Ferry prices vary depending on which specific ferry company you choose. You can either book it online or there are chances to buy it directly from the ferry places at the port. If you book it online - like we did - you have to find the right ferry company shopfront to get the tickets printed. A little difficult when in an unfamiliar area and it's all in Greek but not impossible. We used two different ferry companies for the trip there and back.

Both ferries had cafes inside them and both had open areas and closed - with air con.

We only stayed in Aegina for about 2 hours. We knew it wouldn't be a long trip and we knew we wouldn't be able to explore much so we went straight from the port to the closest beach area we could. We were dying for a dip in the ocean and some relief from the heat!

We found a safe little area where locals were swimming and had a nice long cool off in the not-cold-but-not-hot Mediterranean Sea water! Walked around the little water front food places and tourist area then returned to mainland Greece.

If you are time and money short, I recommend a quick trip to Aegina! It has a lot to offer even just for a day.


We LOVED our time in Athens! The food, the people, the place, the history... and the food!

We will return one day Greece... we loved you that much!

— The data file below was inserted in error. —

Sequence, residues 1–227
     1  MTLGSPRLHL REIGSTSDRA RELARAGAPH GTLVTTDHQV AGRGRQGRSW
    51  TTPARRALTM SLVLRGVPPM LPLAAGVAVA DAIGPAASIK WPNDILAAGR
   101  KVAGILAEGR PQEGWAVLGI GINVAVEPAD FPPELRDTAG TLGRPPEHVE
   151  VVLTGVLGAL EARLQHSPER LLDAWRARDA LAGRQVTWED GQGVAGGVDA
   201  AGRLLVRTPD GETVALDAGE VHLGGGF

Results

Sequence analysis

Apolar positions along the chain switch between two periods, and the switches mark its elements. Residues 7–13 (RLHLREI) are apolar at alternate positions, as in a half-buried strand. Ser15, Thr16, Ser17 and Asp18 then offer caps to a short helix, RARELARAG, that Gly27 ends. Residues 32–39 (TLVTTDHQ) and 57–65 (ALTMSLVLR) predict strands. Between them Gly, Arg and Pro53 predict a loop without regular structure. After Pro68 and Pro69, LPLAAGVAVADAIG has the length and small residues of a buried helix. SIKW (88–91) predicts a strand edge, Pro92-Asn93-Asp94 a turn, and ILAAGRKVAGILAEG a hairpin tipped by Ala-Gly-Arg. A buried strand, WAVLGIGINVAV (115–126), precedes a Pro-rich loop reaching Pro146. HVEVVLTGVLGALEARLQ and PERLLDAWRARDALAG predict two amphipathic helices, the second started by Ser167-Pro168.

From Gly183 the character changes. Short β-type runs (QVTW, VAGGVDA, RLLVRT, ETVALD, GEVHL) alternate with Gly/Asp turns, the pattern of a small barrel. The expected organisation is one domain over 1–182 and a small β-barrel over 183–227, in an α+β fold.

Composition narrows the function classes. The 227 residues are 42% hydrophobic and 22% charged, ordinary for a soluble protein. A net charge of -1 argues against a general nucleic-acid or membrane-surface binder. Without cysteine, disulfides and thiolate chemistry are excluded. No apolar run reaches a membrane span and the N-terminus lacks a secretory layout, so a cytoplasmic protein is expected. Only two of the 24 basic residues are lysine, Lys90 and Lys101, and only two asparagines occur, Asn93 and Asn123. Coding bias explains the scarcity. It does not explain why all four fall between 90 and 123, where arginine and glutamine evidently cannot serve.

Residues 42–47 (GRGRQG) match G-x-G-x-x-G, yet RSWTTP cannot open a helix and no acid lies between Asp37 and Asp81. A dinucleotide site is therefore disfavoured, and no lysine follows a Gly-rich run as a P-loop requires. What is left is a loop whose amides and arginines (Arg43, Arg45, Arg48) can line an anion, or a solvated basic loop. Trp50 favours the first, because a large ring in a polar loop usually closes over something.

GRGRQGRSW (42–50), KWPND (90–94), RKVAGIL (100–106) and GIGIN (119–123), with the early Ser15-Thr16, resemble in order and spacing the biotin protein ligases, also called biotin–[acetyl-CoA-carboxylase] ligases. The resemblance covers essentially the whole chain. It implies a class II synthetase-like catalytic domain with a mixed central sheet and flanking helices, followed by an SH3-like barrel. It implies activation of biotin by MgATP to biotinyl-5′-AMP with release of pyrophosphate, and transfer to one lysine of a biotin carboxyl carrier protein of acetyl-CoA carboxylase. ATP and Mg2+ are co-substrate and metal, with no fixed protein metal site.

H: Greece was very nice! The food was delicious and the public transport was very close to where we stayed. But it was very hot there, and the sun was out pretty much all day. You had to close the blinds every night to get to sleep. And plus we had to buy a fan to keep cool in the other room because there were none. But other than that it was amazing!!!

N: After 3 months in Italy, Athens was a nice change culturally, linguistically and most definitely culinarily (that's a word right?). From the moment we arrived we felt the hospitality amongst the locals. I loved our taxi driver so much that I decided to call him directly for our other taxiing needs. Giros (pronounced yiros) and souvlaki and all the other delicious foods are available nearly 24/7 - and yes we did take advantage of it with more than the occasional twilight snack (meal). Hello extra KGs! Also, if you're into ancient history then this is the place for you. You can see sites and relics that trace back to some of the earliest records of European civilization, architecture and philosophy. Then finally, I'd recommend heading off the mainland to get a taste of island sun, sand and the warm Aegean seas. Greece certainly has everything that will appeal to all sensibilities. The only thing is... watch your pockets.

T: After some issues in the little Tuscan town we stayed in, I'm so glad Athens was as great as it was! We had it a little rough in Tuscany and needed to breathe some new life into us. Athens did that for me. I also think we put on all the weight we may have lost in Italy with our home cooking and walking around a lot. The food in Athens was so good. We also may have blown our budget on the food but it was so worth it! Besides food, the people were friendly and helpful. And even with very little to no Greek, we were able to get by and locals were accepting of us! The history is amazing, the people we did interact with were always friendly and can I mention the food again? Because it was delicious - not just Greek food but any other food made there was amazing. Transportation was easy and we didn't need a car. Can't wait until we return - because we will return!